The decision of the Privy Council in Agent V Commissioner of Inland Revenue (affirming the judgment of the Court of Appeal of New Zealand in Re Brumark Investments Ltd) could have far reaching implications for directors who have given personal guarantees in respect of loans or overdrafts to banks.
The high street bank is generally the first port of call for the funding of small to medium sized businesses. To secure the obligations of the company under its banking facility the bank will take generally take fixed and floating charges over the assets of the company by way of a debenture. The assets to be charged will include the book debts of the company. In addition, the directors, who in many cases are the owners of the company, may also have to guarantee the facility. In some cases, these guarantees are supported by security, often the directors’ homes.
All is well until the business fails. Remember, businesses can fail for a myriad of reasons some of which are beyond the control of the directors. When a company fails the bank may look to appoint its own administrator or receiver who realises the assets. In the case of debtors, the receiver will collect payments for goods and services purchased from the company, generally prior to the insolvency. Other assets, such as stock, fixtures and fittings, will be sold by the receiver. The funds realised from the sale of assets and the proceeds of debts collected in will be used to discharge the company’s liabilities to its bank and creditors so far as is as possible.
Without going into great detail, unless the bank can show that the company’s book debts were paid into a blocked account and could not be used without the consent of the bank, the Brumark decision serves to prevent the bank from taking a priority over other creditors in respect of the proceeds of book debts. Unfortunately, however, the decision of the Privy Counsel is not binding in English law only persuasive, and many insolvency practitioners (IP’s) are holding debtor receipts rather than pass them back to the chargeholder whilst the position in English law is clarified. If the Brumark decision is binding in English law then the bank may have to look to recovery from the directors under their guarantees where there is a shortfall from realisations of assets charged under its debenture. This is worrying as many directors gave guarantees in the expectation that the bank would be able to recover its lending from the realisations of book debts in existence at the point the company failed.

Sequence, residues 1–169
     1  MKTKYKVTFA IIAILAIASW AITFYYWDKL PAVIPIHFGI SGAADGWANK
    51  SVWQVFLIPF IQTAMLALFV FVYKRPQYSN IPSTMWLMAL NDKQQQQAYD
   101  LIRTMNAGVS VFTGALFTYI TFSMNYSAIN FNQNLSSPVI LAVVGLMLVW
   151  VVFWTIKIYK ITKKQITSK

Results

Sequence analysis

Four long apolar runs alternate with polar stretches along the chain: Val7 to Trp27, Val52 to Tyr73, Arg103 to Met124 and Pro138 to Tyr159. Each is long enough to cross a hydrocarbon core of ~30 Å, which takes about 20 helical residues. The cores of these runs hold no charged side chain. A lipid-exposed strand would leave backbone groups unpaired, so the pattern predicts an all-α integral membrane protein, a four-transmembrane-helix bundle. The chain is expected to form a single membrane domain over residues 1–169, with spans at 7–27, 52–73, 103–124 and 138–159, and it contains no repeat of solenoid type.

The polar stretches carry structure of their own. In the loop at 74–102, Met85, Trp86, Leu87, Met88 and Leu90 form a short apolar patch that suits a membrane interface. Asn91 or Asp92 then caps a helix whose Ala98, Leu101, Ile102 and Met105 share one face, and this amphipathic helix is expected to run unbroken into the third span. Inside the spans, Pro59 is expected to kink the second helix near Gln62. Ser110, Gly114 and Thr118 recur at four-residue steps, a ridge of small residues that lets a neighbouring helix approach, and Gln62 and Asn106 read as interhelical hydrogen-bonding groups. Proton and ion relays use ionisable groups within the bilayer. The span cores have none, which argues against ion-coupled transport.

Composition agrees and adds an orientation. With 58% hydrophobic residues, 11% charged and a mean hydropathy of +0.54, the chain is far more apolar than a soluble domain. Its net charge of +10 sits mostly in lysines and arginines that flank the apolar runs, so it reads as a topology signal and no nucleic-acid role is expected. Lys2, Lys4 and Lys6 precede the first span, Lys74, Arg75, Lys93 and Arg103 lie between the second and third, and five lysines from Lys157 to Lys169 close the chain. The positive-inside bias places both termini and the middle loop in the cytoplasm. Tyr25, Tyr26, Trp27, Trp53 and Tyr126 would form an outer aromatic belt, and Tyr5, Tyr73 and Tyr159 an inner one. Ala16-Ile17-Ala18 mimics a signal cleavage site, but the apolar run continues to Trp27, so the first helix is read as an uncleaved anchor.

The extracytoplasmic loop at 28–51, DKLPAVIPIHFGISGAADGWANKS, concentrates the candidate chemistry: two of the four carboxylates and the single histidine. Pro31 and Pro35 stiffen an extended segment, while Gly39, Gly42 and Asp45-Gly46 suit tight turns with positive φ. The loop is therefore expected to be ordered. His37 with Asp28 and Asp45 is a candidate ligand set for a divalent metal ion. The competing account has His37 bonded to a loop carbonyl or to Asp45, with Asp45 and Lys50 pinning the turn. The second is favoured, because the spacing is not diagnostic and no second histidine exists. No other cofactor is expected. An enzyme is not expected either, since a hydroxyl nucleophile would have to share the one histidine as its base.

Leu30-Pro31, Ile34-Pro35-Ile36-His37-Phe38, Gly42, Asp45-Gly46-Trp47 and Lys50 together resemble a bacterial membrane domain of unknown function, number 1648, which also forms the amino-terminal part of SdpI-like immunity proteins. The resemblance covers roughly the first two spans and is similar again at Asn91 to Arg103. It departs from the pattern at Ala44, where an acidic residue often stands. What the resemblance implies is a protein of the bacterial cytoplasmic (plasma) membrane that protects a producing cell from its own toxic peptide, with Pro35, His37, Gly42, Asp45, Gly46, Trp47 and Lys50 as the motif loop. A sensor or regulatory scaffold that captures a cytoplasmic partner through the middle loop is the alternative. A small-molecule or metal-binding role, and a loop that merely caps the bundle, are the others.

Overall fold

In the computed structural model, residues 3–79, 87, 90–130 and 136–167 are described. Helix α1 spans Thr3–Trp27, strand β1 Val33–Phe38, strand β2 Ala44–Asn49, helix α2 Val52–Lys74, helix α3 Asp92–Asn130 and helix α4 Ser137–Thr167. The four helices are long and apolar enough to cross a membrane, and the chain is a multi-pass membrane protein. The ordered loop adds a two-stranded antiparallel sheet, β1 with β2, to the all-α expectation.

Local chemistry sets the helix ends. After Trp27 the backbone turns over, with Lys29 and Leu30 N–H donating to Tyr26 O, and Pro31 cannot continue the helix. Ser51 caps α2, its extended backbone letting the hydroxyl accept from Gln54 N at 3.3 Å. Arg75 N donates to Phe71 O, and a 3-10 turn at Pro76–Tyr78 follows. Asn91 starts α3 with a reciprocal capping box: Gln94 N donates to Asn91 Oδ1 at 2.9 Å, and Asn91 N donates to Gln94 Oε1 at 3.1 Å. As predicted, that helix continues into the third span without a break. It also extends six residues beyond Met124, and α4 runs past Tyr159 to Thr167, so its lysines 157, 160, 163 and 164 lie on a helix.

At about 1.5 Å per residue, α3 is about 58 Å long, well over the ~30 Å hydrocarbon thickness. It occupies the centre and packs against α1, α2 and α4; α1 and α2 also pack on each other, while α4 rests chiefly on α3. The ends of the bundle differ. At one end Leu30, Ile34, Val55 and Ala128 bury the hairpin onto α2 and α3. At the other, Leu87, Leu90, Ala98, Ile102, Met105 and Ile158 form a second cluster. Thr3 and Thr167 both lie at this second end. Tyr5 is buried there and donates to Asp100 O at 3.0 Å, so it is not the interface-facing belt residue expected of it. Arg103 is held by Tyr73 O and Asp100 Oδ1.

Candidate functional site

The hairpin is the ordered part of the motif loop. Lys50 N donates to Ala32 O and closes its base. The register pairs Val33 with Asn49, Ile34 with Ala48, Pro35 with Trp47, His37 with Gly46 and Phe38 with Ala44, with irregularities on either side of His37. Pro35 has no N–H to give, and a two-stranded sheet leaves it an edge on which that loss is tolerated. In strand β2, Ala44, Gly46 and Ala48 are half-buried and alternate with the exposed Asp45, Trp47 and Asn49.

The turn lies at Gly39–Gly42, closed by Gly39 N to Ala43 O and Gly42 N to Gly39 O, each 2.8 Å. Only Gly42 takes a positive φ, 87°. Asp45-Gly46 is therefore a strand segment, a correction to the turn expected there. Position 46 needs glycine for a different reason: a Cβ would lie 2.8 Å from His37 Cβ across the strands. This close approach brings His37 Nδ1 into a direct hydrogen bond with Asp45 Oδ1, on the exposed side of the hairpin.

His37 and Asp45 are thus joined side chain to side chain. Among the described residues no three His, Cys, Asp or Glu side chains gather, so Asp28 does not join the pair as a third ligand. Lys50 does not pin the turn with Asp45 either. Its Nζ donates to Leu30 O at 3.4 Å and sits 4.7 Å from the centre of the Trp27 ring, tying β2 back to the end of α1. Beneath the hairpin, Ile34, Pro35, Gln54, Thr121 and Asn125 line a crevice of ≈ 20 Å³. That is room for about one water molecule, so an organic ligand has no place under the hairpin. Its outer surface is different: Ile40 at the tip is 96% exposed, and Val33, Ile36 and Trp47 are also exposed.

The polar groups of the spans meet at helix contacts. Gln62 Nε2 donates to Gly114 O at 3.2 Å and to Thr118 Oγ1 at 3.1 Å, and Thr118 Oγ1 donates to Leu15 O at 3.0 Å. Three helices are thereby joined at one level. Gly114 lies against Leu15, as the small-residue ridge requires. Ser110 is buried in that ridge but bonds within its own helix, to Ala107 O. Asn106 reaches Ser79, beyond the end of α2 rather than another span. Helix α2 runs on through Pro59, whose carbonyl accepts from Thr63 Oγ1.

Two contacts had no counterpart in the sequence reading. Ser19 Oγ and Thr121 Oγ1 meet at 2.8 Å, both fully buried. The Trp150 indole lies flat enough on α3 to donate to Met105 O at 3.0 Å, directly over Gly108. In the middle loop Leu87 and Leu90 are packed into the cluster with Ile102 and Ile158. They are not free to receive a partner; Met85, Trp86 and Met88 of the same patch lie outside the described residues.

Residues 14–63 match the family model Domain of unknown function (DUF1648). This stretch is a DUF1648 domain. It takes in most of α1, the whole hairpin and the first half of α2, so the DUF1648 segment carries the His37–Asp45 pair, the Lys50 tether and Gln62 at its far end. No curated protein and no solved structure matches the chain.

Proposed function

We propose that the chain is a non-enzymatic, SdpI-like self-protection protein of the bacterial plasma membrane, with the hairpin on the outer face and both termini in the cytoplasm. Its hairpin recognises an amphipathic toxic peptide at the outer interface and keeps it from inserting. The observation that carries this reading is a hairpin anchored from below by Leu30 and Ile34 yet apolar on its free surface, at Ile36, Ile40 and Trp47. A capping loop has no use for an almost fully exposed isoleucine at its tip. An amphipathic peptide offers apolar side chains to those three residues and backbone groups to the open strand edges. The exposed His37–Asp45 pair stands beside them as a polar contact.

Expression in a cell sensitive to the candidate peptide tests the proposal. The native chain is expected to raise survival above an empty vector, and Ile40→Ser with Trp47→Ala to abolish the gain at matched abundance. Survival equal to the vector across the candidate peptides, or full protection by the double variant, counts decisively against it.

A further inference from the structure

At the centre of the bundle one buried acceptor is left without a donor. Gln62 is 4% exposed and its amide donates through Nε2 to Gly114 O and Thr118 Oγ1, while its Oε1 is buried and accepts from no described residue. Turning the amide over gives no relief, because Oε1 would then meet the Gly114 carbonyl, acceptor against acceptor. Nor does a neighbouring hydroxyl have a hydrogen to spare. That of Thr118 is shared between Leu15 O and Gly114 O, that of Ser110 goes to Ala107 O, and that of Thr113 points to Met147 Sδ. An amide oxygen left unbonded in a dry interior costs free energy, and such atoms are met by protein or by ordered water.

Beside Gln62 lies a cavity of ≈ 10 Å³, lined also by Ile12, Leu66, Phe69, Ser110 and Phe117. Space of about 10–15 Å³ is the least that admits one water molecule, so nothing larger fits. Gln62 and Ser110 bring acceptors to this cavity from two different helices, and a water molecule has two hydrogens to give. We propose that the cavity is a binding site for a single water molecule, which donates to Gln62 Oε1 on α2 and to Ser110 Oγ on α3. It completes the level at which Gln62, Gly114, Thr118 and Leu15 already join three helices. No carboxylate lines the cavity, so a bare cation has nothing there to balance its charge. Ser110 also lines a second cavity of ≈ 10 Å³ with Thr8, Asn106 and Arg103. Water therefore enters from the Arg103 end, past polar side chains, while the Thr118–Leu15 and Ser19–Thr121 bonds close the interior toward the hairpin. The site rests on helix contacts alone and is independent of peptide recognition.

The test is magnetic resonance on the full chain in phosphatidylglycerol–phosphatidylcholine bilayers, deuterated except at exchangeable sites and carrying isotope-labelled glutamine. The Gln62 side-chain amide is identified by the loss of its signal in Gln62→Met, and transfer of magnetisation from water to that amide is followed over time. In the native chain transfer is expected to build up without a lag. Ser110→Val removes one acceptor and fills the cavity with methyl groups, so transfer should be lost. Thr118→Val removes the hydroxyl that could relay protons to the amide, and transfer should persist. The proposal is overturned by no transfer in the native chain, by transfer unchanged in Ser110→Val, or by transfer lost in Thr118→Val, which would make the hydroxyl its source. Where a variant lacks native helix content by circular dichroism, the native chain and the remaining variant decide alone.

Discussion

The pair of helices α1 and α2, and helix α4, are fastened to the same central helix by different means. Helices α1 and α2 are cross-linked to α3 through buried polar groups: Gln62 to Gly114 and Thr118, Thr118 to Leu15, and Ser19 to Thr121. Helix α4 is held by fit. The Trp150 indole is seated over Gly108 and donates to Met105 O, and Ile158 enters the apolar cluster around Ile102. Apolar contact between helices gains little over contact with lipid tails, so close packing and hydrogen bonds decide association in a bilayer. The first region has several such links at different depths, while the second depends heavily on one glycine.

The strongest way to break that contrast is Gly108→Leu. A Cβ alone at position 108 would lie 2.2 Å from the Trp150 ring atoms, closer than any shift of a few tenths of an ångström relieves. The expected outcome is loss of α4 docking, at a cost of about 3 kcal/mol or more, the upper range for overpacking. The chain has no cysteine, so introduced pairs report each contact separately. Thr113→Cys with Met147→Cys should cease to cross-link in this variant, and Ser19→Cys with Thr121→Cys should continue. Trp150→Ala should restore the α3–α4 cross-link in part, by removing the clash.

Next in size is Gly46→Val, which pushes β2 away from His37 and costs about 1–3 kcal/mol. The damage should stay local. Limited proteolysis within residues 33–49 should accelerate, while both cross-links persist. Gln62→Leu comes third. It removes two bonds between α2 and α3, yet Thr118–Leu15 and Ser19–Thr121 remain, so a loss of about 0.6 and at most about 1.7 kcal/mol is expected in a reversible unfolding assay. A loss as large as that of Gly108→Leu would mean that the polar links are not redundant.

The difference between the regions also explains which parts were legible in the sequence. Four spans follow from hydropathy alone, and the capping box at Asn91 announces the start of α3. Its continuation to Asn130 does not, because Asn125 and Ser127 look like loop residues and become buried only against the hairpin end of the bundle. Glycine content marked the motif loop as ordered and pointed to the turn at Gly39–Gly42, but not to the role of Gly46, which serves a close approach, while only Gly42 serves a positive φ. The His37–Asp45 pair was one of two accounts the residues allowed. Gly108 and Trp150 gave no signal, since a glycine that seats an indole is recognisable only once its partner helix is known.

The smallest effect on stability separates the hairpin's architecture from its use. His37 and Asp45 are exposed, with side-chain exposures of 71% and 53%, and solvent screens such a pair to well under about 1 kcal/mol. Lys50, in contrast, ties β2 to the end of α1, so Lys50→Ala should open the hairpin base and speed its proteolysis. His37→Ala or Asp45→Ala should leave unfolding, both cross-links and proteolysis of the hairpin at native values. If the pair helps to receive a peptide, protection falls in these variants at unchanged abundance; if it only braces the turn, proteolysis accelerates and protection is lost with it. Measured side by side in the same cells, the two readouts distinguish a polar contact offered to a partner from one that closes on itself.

How can directors protect themselves?
Assuming Brumark is good law (and most lawyers believe that it is) then it is clear that unless the bank has an element of day-to-day control over the proceeds of debtor payments, it will find it difficult to enforce its security. Directors should therefore review how their businesses are funded and obtain funding from a funder who is not reliant on its security over book debts. Releasing bank guarantees by transferring overdrafts to a factoring company is a clear solution as a factoring company is not a lender but a purchaser of book debts. In addition, there are also positive advantages for companies in that the factoring company will often advance up to 80% of the outstanding debtor book as opposed to the banks standard of 60%. In many cases, factoring companies can also recover a higher percentage of the outstanding debt in a recovery situation than insolvency practitioners, as they have dealt with the administration of the sales ledger on a daily basis and therefore have a better understanding of the customer base.